Think your business is too small to be of interest to a cyber criminal? Think again. While big companies make the headlines for their data breaches, small companies are also a favourite target of hackers. "Small businesses can be a really sweet spot for cybercriminals. They have more money to steal than a consumer and less security in place than a large business," said Kevin Haley, director of security response at Symantec.
The fact of the matter is, small businesses are the most vulnerable when it comes to cybersecurity and they are the common prey for hackers and cyber thieves. Unlike big corporations that have the budget to manage their technology risks and put in place fancy sophisticated systems to protect themselves from cyberattacks, small businesses may find themselves struggling to protect themselves.
But all hope is not lost. Most cyber attacks happen in one of these three ways: via vulnerabilities in out-of-date software, phishing attempts and ransomware. While these things are terrible and can cripple a business, there are cost effective ways to manage this risk.
Software companies release what is called an update or “patch”. Every patch released is an update to protect your device security weaknesses that were discovered by the software company. Failing to update your software on a timely basis can put your business at risk. Hackers exploit weak spots in unpatched software to access your device(s), lock your files and render your device(s) useless. In such an instance, client files will be at serious risk, not to talk of your business. The simple solution is to patch regularly, but what if you’re IT department is already overworked? Or what if you don’t have an IT department? There are many IT service companies out there that can help small businesses by becoming their outsourced IT department. Similarly, a Managed Security Services Partner (MSSP) can also help clients with this and a host of other services relating to cybersecurity. The key is to find a partner that can tailor a solution to your needs and budget.
Phishing email attempts are a great way for hackers to get access to corporate credentials and personal information. A phishing email is a fraudulent email made by a person who passes himself (or herself) as someone you can trust, with the intention of obtaining sensitive data from you. This sensitive data could be your credit card details or even your username and/or password. It is a serious problem, as reported by Proofpoint, 83 percent suffered from phishing attacks in 2018. A further breakdown revealed that 67 percent of the victims suffered from a decrease in productivity, 54 percent suffered the loss of propriety data and 50 percent suffered from damage to reputation.
Phishers have become better at disguising themselves these days. It used to be, all you had to do was find a million spelling mistakes in an email, and you knew it was fake. Education is a key in preventing phishing. Teach staff how to recognize suspicious emails by looking at headers, or simply highlighting links to show the true domain name. If a user still isn’t sure if they are reading a legitimate email, teach them that it is OK to call “the sender” just to ensure that the email is really from them. If you still have curious staff that wonder “what if”, and have to click, anti-Spam software can also help, as will having up-to-date anti-virus and anti-malware programs.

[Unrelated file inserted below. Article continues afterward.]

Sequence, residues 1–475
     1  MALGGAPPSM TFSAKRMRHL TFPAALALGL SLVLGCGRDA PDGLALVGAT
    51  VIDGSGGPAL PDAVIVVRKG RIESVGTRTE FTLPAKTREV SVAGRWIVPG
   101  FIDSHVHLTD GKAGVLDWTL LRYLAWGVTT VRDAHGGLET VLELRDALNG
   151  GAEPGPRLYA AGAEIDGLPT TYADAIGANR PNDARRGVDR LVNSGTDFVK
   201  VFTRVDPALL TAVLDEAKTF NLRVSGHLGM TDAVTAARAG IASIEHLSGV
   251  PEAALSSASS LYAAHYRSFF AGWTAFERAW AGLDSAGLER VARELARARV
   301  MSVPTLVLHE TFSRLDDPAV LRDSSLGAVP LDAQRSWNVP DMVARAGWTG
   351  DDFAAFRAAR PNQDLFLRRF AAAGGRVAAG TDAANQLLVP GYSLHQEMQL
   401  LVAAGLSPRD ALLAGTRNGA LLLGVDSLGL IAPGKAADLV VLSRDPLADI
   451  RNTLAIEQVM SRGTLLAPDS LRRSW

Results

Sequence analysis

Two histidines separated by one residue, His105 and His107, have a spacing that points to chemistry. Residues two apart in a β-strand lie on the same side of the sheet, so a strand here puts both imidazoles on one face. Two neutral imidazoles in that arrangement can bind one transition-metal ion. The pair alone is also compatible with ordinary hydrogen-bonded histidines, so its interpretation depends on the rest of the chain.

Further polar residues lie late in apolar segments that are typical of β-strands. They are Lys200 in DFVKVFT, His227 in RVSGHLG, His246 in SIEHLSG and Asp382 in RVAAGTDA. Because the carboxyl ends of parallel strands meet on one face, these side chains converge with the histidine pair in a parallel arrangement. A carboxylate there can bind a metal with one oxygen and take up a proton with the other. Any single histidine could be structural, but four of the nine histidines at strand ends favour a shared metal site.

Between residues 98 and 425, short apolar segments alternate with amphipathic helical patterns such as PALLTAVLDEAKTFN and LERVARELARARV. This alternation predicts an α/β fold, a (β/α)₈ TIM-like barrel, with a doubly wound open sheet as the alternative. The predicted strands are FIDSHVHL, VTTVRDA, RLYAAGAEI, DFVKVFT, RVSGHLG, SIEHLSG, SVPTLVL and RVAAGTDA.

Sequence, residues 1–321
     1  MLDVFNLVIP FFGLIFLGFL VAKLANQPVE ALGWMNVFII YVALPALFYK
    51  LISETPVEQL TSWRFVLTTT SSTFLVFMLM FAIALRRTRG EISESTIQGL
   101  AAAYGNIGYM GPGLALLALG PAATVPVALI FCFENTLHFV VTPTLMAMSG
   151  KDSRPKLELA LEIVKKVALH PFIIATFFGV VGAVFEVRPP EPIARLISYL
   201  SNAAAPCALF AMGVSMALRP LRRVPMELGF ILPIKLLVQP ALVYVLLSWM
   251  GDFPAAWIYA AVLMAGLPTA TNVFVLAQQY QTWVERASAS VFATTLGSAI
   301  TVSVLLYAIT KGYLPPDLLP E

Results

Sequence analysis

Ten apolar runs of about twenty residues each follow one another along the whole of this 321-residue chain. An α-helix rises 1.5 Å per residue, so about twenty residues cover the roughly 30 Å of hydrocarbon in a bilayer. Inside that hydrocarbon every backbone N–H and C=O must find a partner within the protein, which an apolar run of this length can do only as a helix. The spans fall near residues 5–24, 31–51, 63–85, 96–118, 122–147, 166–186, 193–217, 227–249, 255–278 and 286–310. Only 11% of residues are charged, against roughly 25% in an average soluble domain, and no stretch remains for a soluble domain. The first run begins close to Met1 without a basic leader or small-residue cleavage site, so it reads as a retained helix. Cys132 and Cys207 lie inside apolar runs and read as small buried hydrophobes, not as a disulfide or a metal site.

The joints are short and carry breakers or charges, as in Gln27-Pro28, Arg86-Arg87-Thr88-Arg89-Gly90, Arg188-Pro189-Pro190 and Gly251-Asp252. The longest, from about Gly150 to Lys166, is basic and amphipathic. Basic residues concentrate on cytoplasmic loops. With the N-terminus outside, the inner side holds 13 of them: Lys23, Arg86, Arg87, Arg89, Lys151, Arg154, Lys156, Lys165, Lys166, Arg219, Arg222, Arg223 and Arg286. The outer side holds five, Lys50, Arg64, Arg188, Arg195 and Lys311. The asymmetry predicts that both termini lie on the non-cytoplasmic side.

Ransomware is one of the most talked about issues in the last few years. A recent Zdnet article confirms that ransomware attacks have doubled in 2019. Hackers love this, as it is a low risk, high payback for them. An interesting statistic revealed by safe at last, shows that the minimum annual global revenue of ransomware is $1billion. Ransomware is a kind of malware that encrypts your files, thus rendering it inaccessible to you. How the hacker makes money, is by telling you that the only way you can get access to your files again is to pay a ransom. Once the ransom is paid, the hacker promises to send a decryption key to allow you access to your files.
There are many different schools of thought on whether one should pay or not pay the ransom. After all, can you really trust a criminal to provide you with a decryption key? And who’s to say they won’t do it again? The best protection is to have back-ups of your files, so that if a hacker does encrypt the files on your system, you have copies somewhere else that haven’t been infected that you can still access. Having up-to-date anti-virus, anti-malware and firewalls in place will also go a long way to help stop this threat.
As you can see, small businesses are great targets for hackers, as they typically don’t spend a lot on security, but have access to more money that the average consumer. Even though the threat is real, there are things every small business can do to protect themselves, and some of them really aren’t that expensive. So, the question is, can you afford NOT to invest in cybersecurity?
Want your staff to help prevent phishing attacks? Contact us about phishing awareness training.